You may recall that a bipartisan 2021 state law directed the North Carolina Utilities Commission to approve a plan for the state’s electric public utilities by December 31, 2022, to reduce carbon dioxide emissions by 70% by 2030 as compared to 2005 levels, with ultimately achieving net-zero emissions by 2050.
Duke Energy, the state’s dominant electric provider, offered four different portfolio options last spring, three of which would delay meeting the 70% reduction until 2032 or 2034.
Critics of Duke’s plans said they relied too much on natural gas or unproven technologies and would make customer bills too costly. Some environmental and clean-energy groups offered in July 2022 their own carbon-reduction plan that reached the 70% reduction mandate by 2030 – relying more on solar, wind and battery energy storage.
The seven-member commission (Charlotte Mitchell – Chair, ToNola Brown-Bland, Dan Clodfelter, Kimberly Duffley, Jeffrey Hughes, Karen Kemerai, and Floyd McKissick) held 13 days of hearings with expert witness testimony and five public hearings. In addition, they said they received hundreds of comments from consumers. But they declined to pick any specific portfolios and said it is “not appropriate” now to determine whether to delay the 70% reduction deadline beyond 2030. The 137-page commission report said it was adopting “all reasonable steps” that the state law ordered to achieve the reduction and directed near-term actions “that support many of the portfolios the parties to this proceeding present.”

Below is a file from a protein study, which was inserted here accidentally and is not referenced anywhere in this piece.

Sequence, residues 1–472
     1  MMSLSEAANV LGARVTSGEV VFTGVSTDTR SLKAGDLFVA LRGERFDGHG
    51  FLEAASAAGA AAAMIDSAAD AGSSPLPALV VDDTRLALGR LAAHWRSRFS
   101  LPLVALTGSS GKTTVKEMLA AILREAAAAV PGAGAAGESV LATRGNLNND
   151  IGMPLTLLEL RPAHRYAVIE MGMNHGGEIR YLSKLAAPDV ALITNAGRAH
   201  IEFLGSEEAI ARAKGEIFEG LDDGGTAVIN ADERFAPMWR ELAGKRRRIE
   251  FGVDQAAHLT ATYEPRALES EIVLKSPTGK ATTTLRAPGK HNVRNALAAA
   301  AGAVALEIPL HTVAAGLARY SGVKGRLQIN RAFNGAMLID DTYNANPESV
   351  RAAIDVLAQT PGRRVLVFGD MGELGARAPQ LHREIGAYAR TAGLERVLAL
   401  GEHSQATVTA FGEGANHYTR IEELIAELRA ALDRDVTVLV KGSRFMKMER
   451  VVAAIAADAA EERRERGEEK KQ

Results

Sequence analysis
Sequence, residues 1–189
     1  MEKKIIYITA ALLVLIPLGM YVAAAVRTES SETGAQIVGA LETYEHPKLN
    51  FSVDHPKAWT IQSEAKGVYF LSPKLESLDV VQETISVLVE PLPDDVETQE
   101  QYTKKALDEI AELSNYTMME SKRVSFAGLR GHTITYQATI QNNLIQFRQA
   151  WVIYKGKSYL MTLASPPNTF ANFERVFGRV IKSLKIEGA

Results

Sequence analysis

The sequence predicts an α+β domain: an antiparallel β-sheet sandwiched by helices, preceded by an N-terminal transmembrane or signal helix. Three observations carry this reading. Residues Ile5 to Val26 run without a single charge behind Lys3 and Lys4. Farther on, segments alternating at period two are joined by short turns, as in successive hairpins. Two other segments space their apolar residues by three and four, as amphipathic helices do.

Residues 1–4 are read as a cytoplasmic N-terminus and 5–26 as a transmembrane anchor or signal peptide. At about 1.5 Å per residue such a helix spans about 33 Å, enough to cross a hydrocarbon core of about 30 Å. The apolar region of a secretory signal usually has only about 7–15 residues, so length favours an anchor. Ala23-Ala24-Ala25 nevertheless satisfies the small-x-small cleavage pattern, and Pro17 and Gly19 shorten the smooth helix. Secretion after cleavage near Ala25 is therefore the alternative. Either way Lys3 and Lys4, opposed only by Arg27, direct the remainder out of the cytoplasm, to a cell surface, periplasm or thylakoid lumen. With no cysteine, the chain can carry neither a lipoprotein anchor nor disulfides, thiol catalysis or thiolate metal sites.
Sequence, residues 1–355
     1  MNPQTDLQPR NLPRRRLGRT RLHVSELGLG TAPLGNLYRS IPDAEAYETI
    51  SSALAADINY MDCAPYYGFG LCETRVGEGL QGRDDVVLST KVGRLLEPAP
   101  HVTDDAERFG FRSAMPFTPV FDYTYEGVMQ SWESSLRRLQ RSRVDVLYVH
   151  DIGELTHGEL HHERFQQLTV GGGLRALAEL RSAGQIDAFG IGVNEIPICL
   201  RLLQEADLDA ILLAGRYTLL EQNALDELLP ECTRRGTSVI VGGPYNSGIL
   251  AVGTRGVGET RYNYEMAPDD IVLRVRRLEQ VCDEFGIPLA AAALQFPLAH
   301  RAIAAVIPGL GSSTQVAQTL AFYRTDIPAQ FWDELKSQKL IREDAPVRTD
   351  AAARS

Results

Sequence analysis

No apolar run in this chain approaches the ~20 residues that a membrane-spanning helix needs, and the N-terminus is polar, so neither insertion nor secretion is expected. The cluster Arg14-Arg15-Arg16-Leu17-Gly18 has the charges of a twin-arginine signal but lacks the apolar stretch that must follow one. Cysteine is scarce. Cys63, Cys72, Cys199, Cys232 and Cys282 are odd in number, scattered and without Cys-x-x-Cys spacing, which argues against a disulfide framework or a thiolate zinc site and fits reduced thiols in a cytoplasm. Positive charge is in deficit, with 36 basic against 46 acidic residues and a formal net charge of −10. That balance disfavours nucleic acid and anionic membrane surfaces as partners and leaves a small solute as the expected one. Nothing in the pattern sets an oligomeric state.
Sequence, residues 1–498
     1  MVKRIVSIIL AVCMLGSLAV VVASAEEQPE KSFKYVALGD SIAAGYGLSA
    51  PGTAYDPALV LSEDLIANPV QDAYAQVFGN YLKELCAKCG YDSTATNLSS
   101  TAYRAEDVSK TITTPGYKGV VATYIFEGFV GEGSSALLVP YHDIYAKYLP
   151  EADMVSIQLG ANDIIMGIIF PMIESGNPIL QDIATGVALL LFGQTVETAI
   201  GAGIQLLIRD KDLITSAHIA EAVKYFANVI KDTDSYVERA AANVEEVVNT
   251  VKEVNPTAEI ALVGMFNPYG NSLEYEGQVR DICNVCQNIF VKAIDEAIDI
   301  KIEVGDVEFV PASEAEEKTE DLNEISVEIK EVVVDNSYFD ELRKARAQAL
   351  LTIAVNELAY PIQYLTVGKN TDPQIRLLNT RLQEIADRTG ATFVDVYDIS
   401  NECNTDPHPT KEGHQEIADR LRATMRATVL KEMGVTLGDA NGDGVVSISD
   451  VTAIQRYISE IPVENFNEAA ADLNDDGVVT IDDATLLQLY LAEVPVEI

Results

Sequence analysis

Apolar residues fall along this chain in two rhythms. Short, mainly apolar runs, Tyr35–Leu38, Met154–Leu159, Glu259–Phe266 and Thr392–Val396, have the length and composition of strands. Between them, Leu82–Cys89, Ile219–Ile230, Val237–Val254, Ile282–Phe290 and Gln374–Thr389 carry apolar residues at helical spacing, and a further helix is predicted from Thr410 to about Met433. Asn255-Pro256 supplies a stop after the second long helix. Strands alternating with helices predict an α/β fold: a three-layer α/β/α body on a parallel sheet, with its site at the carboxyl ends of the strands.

The North Carolina utility regulators told Duke Energy Corporation to carry out a series of activities to generate electricity that they say will help ensure greenhouse gas reductions set in a new state law are met. But did not endorse any particular mix of energy sources to meet the mandates currently required for 2030. The order requires Duke Energy’s subsidiaries in North Carolina to optimally retire its remaining coal-fired plants by 2035, in keeping with a previous announcement by the company.
The order also directed Duke Energy to conduct by 2024 two more competitive procurements for solar generation that will come online by 2028. The utility also authorizes Duke to procure battery storage to contain the solar-generated electricity; study the acquisition of wind-lease areas off the North Carolina coast; extend the licenses of its current nuclear power fleet and consider new nuclear generation; and plan for additional natural gas-fired turbines.
The commission is already required to review the plan every two years, and this order directs Duke to file a new proposal by September — which reflects the new directives and recent federal legislation — and prepare for hearings in May 2024. Still, the order could be challenged at the state Court of Appeals.
Photo Credit: Saber Partners